Off to read!

Thanks for the links...and looking forward to the podcast!

Thanks for the links! I enjoyed your most recent podcast about your own experience with free, and am looking forward to reading these articles (and listening to the podcast w/Paul - I will turn it on this afternoon when I'm crafting). Then, maybe I can work up my own post about free.

I agree w/you that a lot of it is karma. I never feel bad about giving something away because I know it's gonna come back in one form or another.

It can be a tough transition for sure, Kristin - and I've totally been
there. (In some ways, still AM there!) Luckily, these are wide-open
times, and creative people will always find solutions. I am pulling
for you!

Thank you for your perspectives, Fae. It's wonderful to meet members
of our community who seek to support fellow crafters!

I have to admit I've really been influenced by your blog and podcast. It used to be that I got all my crafting information from my mom, the internet, or the library, all generally free sources. But I've been discovering lately, the more free information I find, the more I want to buy well designed and comprehensive books and ebooks.

I think part of this realization came from getting my degree in Graphic Design and discovering the amount of time and energy it takes to create a really good publication. Anybody can open up Word and create a document, but it takes someone really dedicated and creative to make a really comprehensive and unique craft book.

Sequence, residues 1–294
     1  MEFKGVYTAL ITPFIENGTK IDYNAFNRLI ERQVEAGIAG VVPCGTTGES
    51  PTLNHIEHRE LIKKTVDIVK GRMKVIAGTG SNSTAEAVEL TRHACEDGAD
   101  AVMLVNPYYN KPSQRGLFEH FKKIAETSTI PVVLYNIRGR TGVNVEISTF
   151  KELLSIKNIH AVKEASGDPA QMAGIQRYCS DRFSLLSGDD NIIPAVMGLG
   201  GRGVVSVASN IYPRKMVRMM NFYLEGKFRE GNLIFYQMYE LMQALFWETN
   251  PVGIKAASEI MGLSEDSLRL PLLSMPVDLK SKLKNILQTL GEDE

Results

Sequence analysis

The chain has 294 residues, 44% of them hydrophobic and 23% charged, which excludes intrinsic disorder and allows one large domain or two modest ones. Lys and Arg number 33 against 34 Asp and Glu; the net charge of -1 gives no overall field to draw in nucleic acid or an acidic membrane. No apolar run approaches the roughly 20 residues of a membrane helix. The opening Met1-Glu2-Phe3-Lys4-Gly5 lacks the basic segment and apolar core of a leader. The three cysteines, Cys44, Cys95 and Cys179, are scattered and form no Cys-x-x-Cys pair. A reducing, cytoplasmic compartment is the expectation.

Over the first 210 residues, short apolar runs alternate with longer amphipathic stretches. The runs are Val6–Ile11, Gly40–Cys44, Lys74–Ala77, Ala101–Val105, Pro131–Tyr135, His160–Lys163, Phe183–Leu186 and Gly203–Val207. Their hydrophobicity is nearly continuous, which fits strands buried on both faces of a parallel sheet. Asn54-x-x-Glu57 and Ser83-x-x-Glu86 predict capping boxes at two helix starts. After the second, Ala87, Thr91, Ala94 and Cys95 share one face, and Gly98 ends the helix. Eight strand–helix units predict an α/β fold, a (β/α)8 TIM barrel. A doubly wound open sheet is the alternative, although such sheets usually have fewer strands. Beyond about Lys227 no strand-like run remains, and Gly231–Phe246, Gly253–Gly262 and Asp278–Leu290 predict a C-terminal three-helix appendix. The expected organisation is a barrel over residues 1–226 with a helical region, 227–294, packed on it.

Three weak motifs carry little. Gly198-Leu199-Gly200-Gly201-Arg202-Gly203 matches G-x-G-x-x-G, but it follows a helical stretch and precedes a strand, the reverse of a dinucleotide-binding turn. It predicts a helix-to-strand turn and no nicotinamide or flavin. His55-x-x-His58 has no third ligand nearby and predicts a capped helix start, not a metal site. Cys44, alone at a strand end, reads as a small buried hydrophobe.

So, my point is that I really find it worthwhile to support those people who are creating useful and well put together publications. Thanks a lot for the great resources you have provided for us on your site.

Thanks so much for these links, Diane. I'm gonna visit all of them right now, and I look fwd to expanding my already blown mind about Free.

Can I have all the stuff in these photos?

Thanks so much for your comment, Silvi - it is a paradox indeed,
balancing charging a fair price for your work with participating in
the Free landscape. All the best with your new endeavors!

Thank you for this article. I will check out Free now... haven't heard of it before.

I'm entering into becoming a professional artist, and definitely at that point of figuring out what I want to charge for my time and work. Half the time I feel like charging exorbitant amounts, while the other half I don't want any money at all for what I do. So it's also about living in that artistic paradox.

Thanks for sparking the articulation. ^.^

I have given much away and continue to. Does it all come back? Who knows? *laughing* But I do think that as a society we have to give credit to where credit is due and if that means that we pay a fair price for the product we want then we give dignity to the seller and ourselves through that process.

Wow, great post.. This is very thought provoking. Thank you so much for sharing. Looks like I have some more research to do!

Diane, thanks for posting about this and linking to these great posts. It's really made me chew over what I'm doing and how I need to make some "free" guidelines for myself. It's a lot of Karma, but there are some real life set backs if your whole business is free based (cough, like mine is). I'm transitioning, but it's tough. Thanks for the inspiration to get back on working it all out.

Looking forward to the podcast!